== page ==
I'm afraid that a thorough answer requires the contents of chapters 2 and 3 of Leishman, but here is an outline. The relationship between power and true airspeed from this answer:
Power equals torque times angular velocity of the rotor: $ P = Q * \Omega$. Most helicopters have constant speed rotors, so the relationship between torque and speed would be similar to the power curves.
Rotor blade length and pitch appear as follows. Power P and torque Q equations for momentum theory in the hover:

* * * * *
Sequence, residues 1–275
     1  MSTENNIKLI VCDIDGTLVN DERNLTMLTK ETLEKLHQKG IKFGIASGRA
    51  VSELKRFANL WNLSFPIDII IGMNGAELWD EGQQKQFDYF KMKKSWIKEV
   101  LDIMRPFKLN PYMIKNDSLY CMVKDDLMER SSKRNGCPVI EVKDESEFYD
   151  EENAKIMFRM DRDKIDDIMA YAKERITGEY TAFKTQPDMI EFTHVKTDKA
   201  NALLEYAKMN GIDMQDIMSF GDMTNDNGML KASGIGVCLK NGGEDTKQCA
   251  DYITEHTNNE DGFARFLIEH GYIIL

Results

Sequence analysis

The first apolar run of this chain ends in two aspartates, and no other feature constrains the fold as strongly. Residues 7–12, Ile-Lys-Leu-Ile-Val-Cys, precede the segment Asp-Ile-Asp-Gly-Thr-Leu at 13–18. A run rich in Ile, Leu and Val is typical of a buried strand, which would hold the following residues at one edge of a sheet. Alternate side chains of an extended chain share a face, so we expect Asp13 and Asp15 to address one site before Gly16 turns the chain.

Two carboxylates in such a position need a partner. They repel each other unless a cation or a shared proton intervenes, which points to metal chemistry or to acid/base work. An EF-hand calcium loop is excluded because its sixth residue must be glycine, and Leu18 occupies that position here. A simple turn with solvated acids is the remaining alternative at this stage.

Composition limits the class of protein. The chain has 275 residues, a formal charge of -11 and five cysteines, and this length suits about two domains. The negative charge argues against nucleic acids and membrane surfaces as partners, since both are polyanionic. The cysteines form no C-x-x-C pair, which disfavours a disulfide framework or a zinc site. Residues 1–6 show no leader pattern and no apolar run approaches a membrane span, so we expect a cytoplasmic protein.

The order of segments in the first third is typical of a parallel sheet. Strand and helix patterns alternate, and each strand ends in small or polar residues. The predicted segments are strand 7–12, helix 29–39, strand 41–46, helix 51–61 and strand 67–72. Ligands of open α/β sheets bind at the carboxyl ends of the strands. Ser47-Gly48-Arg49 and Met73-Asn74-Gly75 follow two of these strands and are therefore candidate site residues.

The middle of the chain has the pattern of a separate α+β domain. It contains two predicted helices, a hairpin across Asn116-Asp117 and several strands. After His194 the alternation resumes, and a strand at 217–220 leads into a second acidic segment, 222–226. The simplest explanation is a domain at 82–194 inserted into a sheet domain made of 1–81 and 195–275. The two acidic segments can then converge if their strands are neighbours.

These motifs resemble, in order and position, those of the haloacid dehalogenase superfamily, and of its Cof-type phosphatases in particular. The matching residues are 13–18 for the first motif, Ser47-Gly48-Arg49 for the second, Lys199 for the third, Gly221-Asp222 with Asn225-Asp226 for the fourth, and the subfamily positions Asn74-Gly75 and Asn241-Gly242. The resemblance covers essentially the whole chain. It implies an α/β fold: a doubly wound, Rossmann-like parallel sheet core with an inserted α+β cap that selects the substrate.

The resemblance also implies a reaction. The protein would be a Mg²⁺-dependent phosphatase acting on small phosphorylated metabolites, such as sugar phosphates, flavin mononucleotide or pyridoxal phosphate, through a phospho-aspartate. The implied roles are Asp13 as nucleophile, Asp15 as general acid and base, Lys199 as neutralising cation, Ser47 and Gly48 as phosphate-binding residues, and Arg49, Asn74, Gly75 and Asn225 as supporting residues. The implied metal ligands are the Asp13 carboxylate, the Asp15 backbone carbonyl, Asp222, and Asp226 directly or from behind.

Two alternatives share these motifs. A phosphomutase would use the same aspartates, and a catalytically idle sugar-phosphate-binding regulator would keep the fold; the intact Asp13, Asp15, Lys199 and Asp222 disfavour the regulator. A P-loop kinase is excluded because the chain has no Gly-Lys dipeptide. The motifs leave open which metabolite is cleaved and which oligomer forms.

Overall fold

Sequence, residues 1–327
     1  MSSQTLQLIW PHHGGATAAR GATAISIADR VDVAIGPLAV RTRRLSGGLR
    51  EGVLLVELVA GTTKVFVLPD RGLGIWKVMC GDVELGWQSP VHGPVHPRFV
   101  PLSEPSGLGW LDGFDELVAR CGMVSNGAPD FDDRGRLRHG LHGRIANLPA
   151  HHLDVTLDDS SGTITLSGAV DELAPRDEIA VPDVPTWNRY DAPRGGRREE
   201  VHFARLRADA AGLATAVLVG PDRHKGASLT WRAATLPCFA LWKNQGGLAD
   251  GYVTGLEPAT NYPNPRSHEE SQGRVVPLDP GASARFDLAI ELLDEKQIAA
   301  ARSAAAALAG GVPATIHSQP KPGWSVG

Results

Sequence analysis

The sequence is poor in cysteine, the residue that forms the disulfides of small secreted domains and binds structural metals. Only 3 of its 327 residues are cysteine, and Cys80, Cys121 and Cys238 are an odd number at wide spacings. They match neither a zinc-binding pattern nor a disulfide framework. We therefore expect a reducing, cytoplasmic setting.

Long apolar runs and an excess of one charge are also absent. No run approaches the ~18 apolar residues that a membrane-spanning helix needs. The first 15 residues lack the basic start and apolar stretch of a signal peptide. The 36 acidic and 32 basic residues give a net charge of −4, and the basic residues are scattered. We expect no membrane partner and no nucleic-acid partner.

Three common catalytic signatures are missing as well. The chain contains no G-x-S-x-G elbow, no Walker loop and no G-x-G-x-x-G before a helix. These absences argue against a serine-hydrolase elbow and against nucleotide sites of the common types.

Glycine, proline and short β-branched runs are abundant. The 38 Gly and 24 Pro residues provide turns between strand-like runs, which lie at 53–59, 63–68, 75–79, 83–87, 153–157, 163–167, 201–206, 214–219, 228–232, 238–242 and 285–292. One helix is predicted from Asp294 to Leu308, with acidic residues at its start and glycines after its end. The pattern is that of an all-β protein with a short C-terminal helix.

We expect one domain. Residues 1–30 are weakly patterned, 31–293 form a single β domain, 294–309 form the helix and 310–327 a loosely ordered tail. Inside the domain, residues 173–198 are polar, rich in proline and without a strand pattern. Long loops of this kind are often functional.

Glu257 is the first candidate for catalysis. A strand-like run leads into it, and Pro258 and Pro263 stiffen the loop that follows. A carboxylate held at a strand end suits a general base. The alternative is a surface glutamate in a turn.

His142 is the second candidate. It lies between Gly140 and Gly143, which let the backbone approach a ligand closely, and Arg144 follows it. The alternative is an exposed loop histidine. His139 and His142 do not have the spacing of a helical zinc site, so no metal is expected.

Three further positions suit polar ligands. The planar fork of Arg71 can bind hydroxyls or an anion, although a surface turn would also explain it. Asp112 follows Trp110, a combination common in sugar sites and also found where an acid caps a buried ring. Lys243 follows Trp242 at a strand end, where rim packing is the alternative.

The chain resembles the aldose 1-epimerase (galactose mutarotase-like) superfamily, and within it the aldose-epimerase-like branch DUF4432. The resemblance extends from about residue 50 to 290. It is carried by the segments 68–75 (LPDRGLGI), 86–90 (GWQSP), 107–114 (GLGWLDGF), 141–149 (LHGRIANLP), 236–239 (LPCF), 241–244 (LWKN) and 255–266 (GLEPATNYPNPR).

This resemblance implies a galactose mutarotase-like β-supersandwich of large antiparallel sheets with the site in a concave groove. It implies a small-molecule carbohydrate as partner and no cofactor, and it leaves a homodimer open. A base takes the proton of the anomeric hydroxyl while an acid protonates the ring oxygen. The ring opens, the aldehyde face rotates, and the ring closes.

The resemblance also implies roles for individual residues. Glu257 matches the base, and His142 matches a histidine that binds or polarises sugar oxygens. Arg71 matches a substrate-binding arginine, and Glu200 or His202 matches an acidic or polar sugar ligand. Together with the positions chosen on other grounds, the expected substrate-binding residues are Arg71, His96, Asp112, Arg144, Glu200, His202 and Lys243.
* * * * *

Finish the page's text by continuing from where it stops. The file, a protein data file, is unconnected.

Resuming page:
$$P = C_P \cdot ½ \rho A (\Omega R)^3$$
$$Q = C_Q \cdot ½ \rho A (\Omega R)^2 R$$
At forward speed the momentum based power becomes less due to lower induced power requirements. An inflow equation relates forward velocity of the helicopter with blade tip speed - too much scope for an answer here.
Blade length appears in the rotor disk area A. Torque and power are functions of the rotor solidity $\sigma$, defined as (total blade area)/(disk area). Note that $C_P$ is always the same value as $C_Q$
..if the amount of lift a helicopter generates changes dependant on pitch, how much does the pitch change..
Thrust T of the rotor Again from Leishman: